This Week At Angama #78

2 August 2019 | This Week at Angama |

Reading Time: 5 MINUTES

Aside from the famous river crossings that come part and parcel with the Great Migration, there are an abundance of remarkable scenes to photograph at this time of the year

With rains falling in the Serengeti, south of the international border, the large herds have opted to stay away from the Kenyan portion of the Mara River, instead moving rather haphazardly around the area known as the Lemai Wedge. Last week’s post was heavily river-orientated, so I too decided to stay away from the river this week and instead capture the migration minus the crossings – as it makes for an incredible spectacle. [f 22.0, 1/30, ISO 100, +0.33]

Wildebeest landscape

The sheer number of animals currently in the southern regions of the Mara Triangle is completely mind-blowing. As photographers, we place great importance on the actual river crossings, to the extent that we can forget to simply sit back and absorb the immensity of it all. This is nature at its most abundant. [f 6.3, 1/1600, ISO 400]

Wildebeest queue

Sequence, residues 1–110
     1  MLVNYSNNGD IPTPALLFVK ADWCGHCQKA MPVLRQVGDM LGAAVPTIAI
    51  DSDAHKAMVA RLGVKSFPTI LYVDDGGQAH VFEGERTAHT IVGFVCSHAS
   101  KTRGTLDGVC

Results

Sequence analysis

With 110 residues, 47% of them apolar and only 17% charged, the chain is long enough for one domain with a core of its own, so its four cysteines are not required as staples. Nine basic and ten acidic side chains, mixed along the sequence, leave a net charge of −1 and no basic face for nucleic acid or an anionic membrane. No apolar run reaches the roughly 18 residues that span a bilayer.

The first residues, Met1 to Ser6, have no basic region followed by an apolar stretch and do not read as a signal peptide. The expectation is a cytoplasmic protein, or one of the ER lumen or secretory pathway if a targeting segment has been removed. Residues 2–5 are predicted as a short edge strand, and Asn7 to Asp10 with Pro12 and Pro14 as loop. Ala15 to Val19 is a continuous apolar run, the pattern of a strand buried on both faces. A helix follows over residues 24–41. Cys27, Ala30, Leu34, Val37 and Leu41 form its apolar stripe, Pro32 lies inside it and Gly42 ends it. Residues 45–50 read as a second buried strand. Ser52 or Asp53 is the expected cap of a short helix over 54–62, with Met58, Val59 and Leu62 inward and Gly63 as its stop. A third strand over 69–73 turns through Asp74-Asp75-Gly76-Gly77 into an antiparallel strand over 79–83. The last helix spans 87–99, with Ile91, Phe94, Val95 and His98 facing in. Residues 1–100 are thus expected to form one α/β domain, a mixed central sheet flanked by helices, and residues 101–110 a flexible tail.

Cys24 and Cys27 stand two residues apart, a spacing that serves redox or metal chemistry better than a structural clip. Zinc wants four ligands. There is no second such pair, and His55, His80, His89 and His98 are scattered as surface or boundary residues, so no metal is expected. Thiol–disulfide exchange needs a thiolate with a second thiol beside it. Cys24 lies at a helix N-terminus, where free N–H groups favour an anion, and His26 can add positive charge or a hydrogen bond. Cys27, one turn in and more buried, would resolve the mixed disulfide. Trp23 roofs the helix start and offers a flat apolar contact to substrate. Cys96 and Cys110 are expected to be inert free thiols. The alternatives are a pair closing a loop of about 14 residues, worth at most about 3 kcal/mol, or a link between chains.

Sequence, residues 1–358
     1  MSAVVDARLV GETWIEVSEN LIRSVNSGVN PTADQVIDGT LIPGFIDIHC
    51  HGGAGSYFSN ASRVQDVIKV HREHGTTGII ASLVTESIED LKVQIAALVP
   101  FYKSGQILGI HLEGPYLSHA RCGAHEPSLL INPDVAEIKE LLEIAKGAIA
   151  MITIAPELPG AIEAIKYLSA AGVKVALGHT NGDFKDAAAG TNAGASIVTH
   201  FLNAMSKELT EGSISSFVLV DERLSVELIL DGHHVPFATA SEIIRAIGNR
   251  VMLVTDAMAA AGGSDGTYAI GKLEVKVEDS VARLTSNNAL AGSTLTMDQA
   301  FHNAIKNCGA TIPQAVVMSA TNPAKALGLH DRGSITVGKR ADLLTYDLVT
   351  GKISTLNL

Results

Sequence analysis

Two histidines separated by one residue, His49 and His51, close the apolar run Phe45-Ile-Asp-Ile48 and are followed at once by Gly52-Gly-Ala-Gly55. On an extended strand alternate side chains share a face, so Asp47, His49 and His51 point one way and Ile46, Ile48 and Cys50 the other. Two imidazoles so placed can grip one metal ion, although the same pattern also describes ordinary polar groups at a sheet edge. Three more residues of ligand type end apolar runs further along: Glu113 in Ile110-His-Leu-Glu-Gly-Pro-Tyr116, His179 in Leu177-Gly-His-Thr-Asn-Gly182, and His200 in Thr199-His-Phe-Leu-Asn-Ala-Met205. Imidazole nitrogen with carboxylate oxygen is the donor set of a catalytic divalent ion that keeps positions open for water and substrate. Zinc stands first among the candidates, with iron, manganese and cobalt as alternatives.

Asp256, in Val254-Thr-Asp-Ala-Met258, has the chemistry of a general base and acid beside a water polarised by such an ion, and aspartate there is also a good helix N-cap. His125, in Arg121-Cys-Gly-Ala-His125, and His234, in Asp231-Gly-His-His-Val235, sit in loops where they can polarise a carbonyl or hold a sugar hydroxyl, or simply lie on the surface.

It is significantly easier to photograph a river crossing than it is to do justice to the wildebeest as they move through the landscape. [f 9.0, 1/400, ISO 160, +0.33]

Wildebeest Line side on

I just love this photograph as it is so simple and at first glance looks like nothing but a landscape shot. But, look closer and you will see the line of wildebeest marching in perfect single-file. [f 9.0, 1/500, ISO 160]

Wildebeest Pano

This image only really works if you are looking at it on a big screen. It is a panorama created through five stitched photos. A single line of wildebeest cuts through the middle of the photograph – dwarfed by the scale of the landscape here in the Mara. [f 9.0, 1/500, ISO 160]

Wildebeest running BW

Always on the move. Taken in the harsh midday light, I went for a conversion to black and white as a way of trying to make the most of exceptionally difficult lighting conditions. [f 9.0, 1/400, ISO 160, +0.33]

Wildebeest blur BW

This week, most of my time out in the field was spent with guests on photographic workshops. These private and very practical tuition classes allow us time to really play around with aperture, light and speed. Once we have a few great shots of wildebeest in focus – it is time to break out and try something a little more daring. [f 20.0, 1/40, ISO 100, +0.33]

Lone wildebeest blur

Slowing the shutter down to 1/40, this type of photography is all about illustrating movement and speed. [f 20.0, 1/40, ISO 100, +0.33]

Wildebeest blur colour

The objective is to get a portion of the subject matter in focus (the wildebeest) and keep the background blurred. [f 32.0, 1/30, ISO 100, -0.67]